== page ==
Waymo also evaluatues the robustness of its autonomous driving system as a whole, such as the ability of the Waymo Driver to come to a safe stop and the readiness of backup systems, as well as redundancies to handle any unexpected situations, such as a single sensor failing.
Waymo uses a range of methods to safely operate its self-driving vehicles in the city, including computer simulations, structured testing on closed courses, then driving on public roads to validate the performance of the Waymo Driver, which is now its fifth generation.
After conducting simulation and closed course testing, Waymo then drove almost three million miles autonomously in the city to further validate the performance of its Waymo Driver.
Waymo says the millions of driving miles in San Francisco are critical for training its system, ensuring simulation realism, evaluating the Waymo Driver's performance and continuously improving its safety.
Last year, Waymo installed the fifth generation of the Waymo Driver on the Jaguar I-PACE vehicle platform in San Francisco. The vehicles, which collected data, were launched with trained autonomous specialists behind the wheel, who could disengage the vehicle's autonomous mode and take over the driving tasks manually when they felt it was appropriate.
As Waymo accumulated more test miles, the company evaluated the performance of its Waymo Driver in increasingly more challenging driving situations both day and night, in various weather conditions, including dense fog, which San Francisco is famous for. For fog in particular, Waymo updated its fifth generation hardware and perception system to help the Waymo Driver handle it more effectively.
Waymo looks at these and other weather challenges across its hardware, software and operations then compares it with the Waymo Driver's performance to predetermined targets and metrics. This means that the Waymo Driver can behave differently based on real-time weather conditions, for example, driving more slowly on slippery roads or proceeding more cautiously at intersections in dense fog.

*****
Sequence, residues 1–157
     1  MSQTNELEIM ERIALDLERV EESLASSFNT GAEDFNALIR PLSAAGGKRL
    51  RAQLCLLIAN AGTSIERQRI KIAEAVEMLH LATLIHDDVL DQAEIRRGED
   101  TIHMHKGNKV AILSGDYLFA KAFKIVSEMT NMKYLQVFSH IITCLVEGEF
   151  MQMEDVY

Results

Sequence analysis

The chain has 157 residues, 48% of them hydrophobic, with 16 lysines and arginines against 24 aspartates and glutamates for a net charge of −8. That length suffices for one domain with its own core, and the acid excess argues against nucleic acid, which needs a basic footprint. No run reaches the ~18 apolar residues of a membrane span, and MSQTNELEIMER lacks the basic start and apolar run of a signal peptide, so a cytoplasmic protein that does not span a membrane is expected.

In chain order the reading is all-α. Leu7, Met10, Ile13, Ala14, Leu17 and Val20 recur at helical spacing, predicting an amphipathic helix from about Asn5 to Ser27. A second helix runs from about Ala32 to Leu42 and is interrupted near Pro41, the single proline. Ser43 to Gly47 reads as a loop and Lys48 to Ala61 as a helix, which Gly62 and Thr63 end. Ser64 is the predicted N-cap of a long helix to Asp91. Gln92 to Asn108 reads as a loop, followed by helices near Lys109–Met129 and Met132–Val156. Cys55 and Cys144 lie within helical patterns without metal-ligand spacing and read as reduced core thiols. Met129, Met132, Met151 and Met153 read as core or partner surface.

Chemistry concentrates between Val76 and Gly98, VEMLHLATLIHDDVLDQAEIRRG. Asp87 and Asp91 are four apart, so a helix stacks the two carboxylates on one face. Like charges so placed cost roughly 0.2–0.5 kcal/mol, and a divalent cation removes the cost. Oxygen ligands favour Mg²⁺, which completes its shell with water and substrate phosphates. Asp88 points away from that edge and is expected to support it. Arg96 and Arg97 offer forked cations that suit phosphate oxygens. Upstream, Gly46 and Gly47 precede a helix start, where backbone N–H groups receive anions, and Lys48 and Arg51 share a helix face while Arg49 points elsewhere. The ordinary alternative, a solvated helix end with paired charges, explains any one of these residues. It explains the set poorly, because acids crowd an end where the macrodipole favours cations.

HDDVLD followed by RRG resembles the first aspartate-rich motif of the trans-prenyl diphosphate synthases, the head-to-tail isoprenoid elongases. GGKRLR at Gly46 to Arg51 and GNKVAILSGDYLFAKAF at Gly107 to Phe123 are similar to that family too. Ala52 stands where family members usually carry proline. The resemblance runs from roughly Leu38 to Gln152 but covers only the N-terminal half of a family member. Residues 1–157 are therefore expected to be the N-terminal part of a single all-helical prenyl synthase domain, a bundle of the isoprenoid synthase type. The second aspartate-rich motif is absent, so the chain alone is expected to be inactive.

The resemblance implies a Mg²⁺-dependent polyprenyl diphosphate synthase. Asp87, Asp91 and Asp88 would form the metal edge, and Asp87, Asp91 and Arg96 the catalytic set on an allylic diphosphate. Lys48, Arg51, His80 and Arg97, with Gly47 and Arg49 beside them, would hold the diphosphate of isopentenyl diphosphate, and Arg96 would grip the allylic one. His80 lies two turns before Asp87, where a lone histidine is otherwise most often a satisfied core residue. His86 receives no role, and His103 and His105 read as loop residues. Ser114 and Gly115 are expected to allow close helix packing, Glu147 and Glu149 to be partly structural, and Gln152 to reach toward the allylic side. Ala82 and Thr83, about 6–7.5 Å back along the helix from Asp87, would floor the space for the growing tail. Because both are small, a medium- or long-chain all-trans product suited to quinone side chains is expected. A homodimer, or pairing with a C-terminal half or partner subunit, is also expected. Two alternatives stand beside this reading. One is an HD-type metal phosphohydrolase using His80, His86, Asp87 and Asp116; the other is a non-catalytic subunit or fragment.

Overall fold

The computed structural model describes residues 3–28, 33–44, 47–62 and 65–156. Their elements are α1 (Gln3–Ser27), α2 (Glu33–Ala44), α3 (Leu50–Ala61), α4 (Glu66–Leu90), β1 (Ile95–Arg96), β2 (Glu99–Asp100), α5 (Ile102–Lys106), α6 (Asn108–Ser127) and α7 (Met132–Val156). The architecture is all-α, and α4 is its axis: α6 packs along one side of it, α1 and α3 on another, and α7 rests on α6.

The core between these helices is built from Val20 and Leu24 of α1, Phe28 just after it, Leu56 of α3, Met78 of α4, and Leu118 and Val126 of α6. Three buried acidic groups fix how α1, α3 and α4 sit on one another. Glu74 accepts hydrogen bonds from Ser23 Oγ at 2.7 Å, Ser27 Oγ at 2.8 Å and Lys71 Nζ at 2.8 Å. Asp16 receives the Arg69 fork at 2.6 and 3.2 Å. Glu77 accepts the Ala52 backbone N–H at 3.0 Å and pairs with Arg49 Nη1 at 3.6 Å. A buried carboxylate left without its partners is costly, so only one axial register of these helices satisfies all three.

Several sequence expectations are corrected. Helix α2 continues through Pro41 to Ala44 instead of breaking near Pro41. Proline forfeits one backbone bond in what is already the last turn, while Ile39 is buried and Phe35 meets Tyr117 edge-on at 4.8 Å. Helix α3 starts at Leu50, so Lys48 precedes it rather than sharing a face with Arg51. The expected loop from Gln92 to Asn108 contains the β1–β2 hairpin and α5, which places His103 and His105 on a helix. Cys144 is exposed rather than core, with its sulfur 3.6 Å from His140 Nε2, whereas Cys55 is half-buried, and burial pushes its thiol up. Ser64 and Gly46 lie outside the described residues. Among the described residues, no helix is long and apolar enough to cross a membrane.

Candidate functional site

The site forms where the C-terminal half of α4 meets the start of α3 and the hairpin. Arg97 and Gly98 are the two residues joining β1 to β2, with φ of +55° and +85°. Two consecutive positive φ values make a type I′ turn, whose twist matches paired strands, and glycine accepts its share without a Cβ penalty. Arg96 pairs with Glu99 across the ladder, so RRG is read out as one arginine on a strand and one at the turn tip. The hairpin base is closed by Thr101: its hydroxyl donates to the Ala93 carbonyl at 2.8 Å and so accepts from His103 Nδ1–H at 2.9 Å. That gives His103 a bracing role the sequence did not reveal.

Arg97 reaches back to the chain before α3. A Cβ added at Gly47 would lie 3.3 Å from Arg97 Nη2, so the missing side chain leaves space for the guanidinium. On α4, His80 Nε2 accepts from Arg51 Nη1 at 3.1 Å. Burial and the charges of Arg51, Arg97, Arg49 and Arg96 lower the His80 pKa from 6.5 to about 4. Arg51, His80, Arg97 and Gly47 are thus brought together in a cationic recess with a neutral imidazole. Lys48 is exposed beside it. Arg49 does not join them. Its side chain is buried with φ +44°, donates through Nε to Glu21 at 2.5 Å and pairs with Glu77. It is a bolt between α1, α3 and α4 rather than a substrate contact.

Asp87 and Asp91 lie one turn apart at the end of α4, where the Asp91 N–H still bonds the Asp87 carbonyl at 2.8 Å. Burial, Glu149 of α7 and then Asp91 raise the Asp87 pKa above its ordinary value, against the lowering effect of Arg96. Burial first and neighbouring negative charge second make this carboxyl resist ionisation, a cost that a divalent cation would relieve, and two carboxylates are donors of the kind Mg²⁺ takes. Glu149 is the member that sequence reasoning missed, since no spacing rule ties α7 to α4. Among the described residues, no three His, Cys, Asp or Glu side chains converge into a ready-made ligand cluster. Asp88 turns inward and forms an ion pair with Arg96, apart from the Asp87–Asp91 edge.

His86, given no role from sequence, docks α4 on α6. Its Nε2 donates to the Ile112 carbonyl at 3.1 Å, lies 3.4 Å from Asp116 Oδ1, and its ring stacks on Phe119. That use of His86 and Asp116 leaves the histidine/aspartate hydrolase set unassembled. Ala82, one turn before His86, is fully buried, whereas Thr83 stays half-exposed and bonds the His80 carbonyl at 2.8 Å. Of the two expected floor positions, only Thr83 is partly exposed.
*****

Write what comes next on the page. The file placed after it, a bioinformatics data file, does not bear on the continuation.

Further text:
Like other developers of self-driving vehicles, Waymo uses a comprehensive set of methodologies to evaluate the performance of its driving software, this includes testing how it completes ride-hailing trips autonomously while adhering to applicable road rules and safely, while avoiding conflicts with other road users.
Dense urban environments like San Francisco present a unique set of challenges for the software that powers the Waymo Driver. These include crowded and complex intersections, narrow streets, as well as social interactions and cues from other drivers, cyclists and pedestrians that human drivers rely on. The latter requires the Waymo Driver to understand other road users' intentions and accurately predict their next moves, according to Waymo.
To address this problem, Waymo created an open dataset that it also shares with others. The dataset is used to train machine learning models to better predict the behavior and intentions of other road uses. For a self-driving vehicle, correctly predicting the behavior of other road users is essential in order to mitigate crashes and operate with a high level of safety.
Last year, Waymo added a "motion dataset", which is one of the largest of its kind ever released for research, the company says. The data includes motion forecasting for autonomous driving.
Waymo ensured that its new dataset includes interesting examples of how its self-driving vehicles interact with other road users, such as cyclists and vehicles sharing the roadway, cars quickly passing through intersections or groups of pedestrians clustering on the sidewalk.